A Day in the Life of an Expert Witness

Being a Facial Comparison Expert, my role requires me to attend Criminal Proceedings at Crown and Magistrate Courts nationwide, to present Expert Evidence. At the peak of the global pandemic the world changed and forced everybody into lockdown, subsequently requiring us all to adhere to strict social distancing. We became socially adjusted to the mandatory use of face masks in all public settings. Whilst I gave evidence over a secure web-link in May, I was required to physically attend a Government department-lead trial in the North West during October 2020.

I am usually given a few months notice as a period of court warning, although for many urgent cases, this may be reduced to a matter of weeks. As an independent expert the prosecution or defence, can call me to provide oral evidence in court and subject to no other clashes of court dates I confirm my attendance.

The day before my court attendance, I prepare my case folder ensuring I have a hard copy of my report, case notes and any additional information I may need, including contact information for the client. There’s nothing worse than going into a court building and not knowing whom you are meant to meet. Especially if you are working on a defence case on behalf of a consultancy agency and you’ve had very limited contact with the Solicitor!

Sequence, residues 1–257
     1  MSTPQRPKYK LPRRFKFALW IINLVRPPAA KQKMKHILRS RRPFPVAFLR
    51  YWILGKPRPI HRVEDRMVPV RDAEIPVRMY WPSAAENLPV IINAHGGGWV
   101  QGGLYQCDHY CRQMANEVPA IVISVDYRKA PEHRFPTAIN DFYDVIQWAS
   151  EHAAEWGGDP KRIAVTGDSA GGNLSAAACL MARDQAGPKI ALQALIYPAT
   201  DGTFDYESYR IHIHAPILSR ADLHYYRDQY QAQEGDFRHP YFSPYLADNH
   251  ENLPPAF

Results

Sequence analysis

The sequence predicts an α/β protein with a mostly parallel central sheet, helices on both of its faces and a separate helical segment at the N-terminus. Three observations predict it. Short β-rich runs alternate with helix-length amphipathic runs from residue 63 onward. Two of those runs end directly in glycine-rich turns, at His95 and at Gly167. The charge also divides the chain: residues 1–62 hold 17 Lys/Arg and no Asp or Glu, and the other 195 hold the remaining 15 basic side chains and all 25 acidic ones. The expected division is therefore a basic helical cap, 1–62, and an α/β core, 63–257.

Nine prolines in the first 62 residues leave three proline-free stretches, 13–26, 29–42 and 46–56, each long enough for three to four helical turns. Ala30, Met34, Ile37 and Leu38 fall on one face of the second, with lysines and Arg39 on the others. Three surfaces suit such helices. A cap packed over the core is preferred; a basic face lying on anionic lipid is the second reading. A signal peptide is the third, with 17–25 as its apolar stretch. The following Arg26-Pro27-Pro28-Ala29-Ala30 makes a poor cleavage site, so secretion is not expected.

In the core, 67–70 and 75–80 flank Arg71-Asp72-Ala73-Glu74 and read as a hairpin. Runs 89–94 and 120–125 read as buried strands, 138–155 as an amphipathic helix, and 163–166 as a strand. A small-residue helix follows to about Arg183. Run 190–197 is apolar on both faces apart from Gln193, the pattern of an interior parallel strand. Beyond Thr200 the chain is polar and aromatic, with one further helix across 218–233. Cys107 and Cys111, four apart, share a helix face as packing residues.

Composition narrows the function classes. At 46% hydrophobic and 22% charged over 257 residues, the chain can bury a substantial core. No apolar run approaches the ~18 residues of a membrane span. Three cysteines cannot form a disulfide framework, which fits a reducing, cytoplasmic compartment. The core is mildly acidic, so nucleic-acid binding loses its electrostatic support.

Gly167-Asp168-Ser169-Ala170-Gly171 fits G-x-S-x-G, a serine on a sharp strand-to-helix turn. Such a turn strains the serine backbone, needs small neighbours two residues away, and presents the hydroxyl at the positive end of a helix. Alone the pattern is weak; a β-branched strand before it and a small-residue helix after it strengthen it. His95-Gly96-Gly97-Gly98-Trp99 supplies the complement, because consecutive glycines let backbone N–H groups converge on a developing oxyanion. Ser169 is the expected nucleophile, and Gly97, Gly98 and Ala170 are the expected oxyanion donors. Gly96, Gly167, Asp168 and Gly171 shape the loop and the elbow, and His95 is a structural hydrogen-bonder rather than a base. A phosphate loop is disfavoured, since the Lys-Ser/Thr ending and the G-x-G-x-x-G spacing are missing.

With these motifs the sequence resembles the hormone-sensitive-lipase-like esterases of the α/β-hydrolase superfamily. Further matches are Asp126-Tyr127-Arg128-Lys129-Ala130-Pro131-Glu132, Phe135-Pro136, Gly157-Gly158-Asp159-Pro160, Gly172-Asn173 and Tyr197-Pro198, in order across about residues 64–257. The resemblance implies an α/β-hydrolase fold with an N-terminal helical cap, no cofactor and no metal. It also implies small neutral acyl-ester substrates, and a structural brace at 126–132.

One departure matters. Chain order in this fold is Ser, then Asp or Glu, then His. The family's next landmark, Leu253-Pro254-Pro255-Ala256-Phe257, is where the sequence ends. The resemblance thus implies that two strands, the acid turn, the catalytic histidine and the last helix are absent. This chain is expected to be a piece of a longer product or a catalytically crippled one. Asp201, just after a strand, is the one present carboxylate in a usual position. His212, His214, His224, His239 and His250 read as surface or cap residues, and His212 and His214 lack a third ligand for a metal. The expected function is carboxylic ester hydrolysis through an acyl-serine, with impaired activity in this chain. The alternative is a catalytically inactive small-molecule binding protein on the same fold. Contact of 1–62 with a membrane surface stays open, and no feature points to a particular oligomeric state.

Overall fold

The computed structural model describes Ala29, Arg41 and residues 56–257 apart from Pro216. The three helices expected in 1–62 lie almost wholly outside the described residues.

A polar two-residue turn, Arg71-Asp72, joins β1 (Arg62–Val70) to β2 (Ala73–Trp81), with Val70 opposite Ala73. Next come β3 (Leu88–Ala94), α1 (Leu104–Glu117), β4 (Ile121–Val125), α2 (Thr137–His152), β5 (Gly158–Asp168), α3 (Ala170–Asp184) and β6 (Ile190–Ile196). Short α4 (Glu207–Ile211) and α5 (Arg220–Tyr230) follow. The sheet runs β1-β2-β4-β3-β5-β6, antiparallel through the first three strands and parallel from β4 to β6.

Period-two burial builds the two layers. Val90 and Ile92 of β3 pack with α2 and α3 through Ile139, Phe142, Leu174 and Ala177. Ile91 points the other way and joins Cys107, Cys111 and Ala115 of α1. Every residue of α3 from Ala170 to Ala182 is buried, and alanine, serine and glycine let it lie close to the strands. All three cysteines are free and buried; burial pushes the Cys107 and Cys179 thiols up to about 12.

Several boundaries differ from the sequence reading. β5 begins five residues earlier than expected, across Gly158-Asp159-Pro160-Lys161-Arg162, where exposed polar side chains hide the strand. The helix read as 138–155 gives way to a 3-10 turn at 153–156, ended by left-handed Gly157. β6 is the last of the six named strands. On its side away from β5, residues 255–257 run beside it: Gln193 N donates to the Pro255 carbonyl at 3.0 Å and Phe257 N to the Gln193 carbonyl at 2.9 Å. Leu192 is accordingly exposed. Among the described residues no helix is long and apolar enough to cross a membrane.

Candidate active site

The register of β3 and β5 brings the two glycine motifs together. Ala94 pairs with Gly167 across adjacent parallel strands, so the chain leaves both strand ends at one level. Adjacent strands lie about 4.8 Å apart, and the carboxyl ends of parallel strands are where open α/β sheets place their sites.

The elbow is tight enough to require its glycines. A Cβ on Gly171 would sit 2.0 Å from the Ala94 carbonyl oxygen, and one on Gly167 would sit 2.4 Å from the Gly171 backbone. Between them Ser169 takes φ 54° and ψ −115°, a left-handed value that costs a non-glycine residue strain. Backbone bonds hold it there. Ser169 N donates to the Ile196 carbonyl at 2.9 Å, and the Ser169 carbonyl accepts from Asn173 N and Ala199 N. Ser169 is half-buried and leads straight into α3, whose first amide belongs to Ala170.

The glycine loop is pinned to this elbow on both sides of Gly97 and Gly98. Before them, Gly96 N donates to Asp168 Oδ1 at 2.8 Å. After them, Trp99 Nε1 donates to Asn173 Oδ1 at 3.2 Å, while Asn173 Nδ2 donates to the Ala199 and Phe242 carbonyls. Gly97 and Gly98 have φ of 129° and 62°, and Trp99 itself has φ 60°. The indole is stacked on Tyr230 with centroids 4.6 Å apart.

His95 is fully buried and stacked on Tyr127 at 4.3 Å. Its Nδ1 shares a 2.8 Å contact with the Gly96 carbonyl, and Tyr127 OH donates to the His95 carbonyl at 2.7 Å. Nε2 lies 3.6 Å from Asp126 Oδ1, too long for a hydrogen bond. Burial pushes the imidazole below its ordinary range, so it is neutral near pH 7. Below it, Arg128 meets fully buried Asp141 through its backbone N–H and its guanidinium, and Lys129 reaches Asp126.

Subject to the location of my travel (England, Wales, Scotland or Republic of Ireland) my day begins at 5am. However, depending on the time that I am requested to attend court (specifically early morning) and subject to the location, I will usually stay overnight at a conveniently located hotel. On 12th October my day began at 5am, I woke up with slight nervousness (expectedly- given that nobody ever knows how their day in court will go), I confidently dressed myself and ensured I had all my travel essentials (Laptop, case folder, water bottle, hand sanitiser, compact mirror, lip balm (first world issues) headphones and chargers), I made my way to the local train station.

I prefer a train journey to morning traffic jams and potential parking stress, since I have the chance to purchase my breakfast (sometimes Greggs is as good as it gets!). Once I’ve boarded the train I strangely become calm and this may be down to the ‘anxiolytic’ effect the café latte has on me (which thankfully isn’t “out of use”).

Empty train carriage equals a shameless coffee photo opportunity. I’m smiling I swear!

After a journey of approximately 1 and half hours, I arrived in a city in the North West and waited for my booked taxi. Given the new norm of wearing a face covering, I allowed myself a short break before putting on my mask when entering the taxi.

The Lowry Theatre is a beautiful building at Salford Quays, repurposed by the Ministry of Justice to assist in tackling the delayed court system due to the ongoing pandemic.

Subject to all the relevant security checks I was allowed to enter the building transitioning from the Lowry Theatre to Nightingale Court. When it came to the time of giving evidence, the recently converted theatre was not short of grandeur. Forgetting for a moment that I was giving expert evidence inside a theatre hall, I was taken aback by how “court like” the entire process still was. After approximately an hour and half my evidence was concluded (including cross examination); I was thanked by the Counsel and Judge and allowed to stand down. As I made my way to the public area, I took the opportunity of clicking a selfie of the new normal- a masked face not used for disguise but instead, to keep safe!

Avatar

Posted by Dr. Shelina Jilani

April 2021

Ogarra Dixon murder

House rammed by lorry